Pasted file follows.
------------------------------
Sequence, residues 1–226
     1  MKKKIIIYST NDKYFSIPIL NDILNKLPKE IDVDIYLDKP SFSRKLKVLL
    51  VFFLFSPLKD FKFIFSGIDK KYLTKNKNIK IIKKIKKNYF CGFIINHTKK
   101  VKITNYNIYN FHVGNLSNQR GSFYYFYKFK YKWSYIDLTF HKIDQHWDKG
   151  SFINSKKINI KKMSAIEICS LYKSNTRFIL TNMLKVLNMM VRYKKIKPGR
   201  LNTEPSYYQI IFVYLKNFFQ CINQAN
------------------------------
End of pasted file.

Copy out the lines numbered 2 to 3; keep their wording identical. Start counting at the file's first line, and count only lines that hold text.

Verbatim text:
     1  MKKKIIIYST NDKYFSIPIL NDILNKLPKE IDVDIYLDKP SFSRKLKVLL
    51  VFFLFSPLKD FKFIFSGIDK KYLTKNKNIK IIKKIKKNYF CGFIINHTKK